doi:10.1186/2110-5820-1-47
PMCID: PMC3231873  PMID: 22112929
12.  Severe Drug-induced Liver Injury Associated with Prolonged Use of Linezolid 
Journal of Medical Toxicology  2010;6(3):322-326.
This study aims to describe a patient developing concomitant severe liver failure and lactic acidosis after long-term treatment with linezolid. A 55-year-old Caucasian woman developed concomitant severe liver failure and lactic acidosis after a treatment with linezolid for 50 days because of infected hip prosthesis. Other causes of liver failure and lactic acidosis were excluded by extensive diagnostic workup. A liver biopsy showed microvesicular steatosis. As linezolid toxicity was considered to be the cause of the lactic acidosis and the severe hepatic failure, the antibiotic was withdrawn. After 4 days of supportive therapy and hemodialysis, the serum lactate level returned within normal limits. The prothrombin time ratio and thrombocytes recovered within 2 weeks. Bilirubin levels normalized within 14 weeks. Since no other cause could be identified, liver injury was considered to be drug-related. Resolution of the hepatotoxicity occurred after discontinuation of linezolid, supportive treatment measures, and hemodialysis. Both lactic acidosis and microvesicular steatosis after the use of linezolid are related to mitochondrial dysfunction. The Council for International Organizations of Medical Sciences/Roussel Ucalf Causality Assessment Method scale revealed that the adverse drug event was probable. Prolonged exposure to linezolid may induce severe hepatotoxicity. Clinicians should be aware of this possible adverse effect especially in case of long-term treatment.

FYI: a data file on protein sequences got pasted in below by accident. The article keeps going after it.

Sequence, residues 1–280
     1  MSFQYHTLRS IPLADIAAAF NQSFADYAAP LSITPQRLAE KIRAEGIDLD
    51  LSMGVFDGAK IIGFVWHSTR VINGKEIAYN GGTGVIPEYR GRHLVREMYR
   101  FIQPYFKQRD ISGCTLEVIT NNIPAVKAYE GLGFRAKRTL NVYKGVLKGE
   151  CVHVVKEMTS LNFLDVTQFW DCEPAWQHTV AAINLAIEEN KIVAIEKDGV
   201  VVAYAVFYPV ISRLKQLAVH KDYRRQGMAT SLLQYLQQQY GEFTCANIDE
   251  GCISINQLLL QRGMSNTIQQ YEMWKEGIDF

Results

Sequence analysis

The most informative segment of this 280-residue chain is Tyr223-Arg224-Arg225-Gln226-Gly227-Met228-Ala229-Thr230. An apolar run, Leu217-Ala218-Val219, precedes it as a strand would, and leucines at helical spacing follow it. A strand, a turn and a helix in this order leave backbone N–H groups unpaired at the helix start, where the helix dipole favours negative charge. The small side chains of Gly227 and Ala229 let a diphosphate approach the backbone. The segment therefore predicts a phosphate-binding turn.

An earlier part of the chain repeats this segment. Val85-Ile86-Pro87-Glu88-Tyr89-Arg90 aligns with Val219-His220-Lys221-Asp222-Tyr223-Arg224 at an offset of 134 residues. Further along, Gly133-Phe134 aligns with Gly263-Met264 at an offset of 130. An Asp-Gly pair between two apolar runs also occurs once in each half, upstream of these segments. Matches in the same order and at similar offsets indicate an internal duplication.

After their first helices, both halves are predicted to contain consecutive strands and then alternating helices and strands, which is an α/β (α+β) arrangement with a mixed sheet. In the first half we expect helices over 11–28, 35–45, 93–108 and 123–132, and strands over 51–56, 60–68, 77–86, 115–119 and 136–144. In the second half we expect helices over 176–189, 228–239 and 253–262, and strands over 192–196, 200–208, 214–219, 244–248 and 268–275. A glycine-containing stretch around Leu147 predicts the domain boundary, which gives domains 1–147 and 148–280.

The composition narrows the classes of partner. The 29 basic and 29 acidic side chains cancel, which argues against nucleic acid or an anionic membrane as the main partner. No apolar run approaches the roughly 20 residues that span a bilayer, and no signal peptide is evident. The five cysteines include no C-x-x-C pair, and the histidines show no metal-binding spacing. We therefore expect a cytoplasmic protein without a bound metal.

doi:10.1007/s13181-010-0047-0
PMCID: PMC3550492  PMID: 20358416
Linezolid; Liver failure; Microvesicular steatosis; Lactic acidosis
15.  Comparison of phenotypic and genotypic tropism determination in triple-class-experienced HIV patients eligible for maraviroc treatment 
Background
Determination of HIV-1 tropism is a pre-requisite to the use of CCR5 antagonists. This study evaluated the potential of population genotypic tropism tests (GTTs) in clinical practice, and the correlation with phenotypic tropism tests (PTTs) in patients accessing routine HIV care.
Methods
Forty-nine consecutive plasma samples for which an original TrofileTM assay was performed were obtained from triple-class-experienced patients in need of a therapy change. Viral tropism was defined as the consensus of three or more tropism calls obtained from the combination of two independent population PTT assays (Trofile Biosciences, San Francisco, CA, USA, and Virco, Beerse, Belgium), population GTTs and GTTs based on ultra-deep sequencing. If no consensus was reached, a clonal PTT was performed in order to finalize the tropism call. This two-step approach allowed the definition of a reference tropism call.
Results
According to the reference tropism result, 35/49 samples were CCR5 tropic (R5) (patients eligible for maraviroc treatment) and 14/49 were assigned as non-R5 tropic. The non-R5 samples [patients not eligible for maraviroc treatment according to the FDA/European Medicines Agency (EMEA) label] group included both the CXCR4 (X4) samples and the dual and mixed CCR5/CXCR4 (R5/X4) samples. Compared with TrofileTM population PTTs, population GTTs showed a higher sensitivity (97%) and a higher negative predictive value (91%), but almost equal specificity and an equal positive predictive value.
Conclusions
In line with recent reports from clinical trial data, our data support the use of population genotypic tropism testing as a tool for tropism determination before the start of maraviroc.
doi:10.1093/jac/dkq458
PMCID: PMC3019088  PMID: 21196489
HIV-1 tropism; genotypic tests; phenotypic tests
16.  Severe burn injury in europe: a systematic review of the incidence, etiology, morbidity, and mortality 
Critical Care  2010;14(5):R188.
Introduction
Burn injury is a serious pathology, potentially leading to severe morbidity and significant mortality, but it also has a considerable health-economic impact. The aim of this study was to describe the European hospitalized population with severe burn injury, including the incidence, etiology, risk factors, mortality, and causes of death.
Methods
The systematic literature search (1985 to 2009) involved PubMed, the Web of Science, and the search engine Google. The reference lists and the Science Citation Index were used for hand searching (snowballing). Only studies dealing with epidemiologic issues (for example, incidence and outcome) as their major topic, on hospitalized populations with severe burn injury (in secondary and tertiary care) in Europe were included. Language restrictions were set on English, French, and Dutch.
Results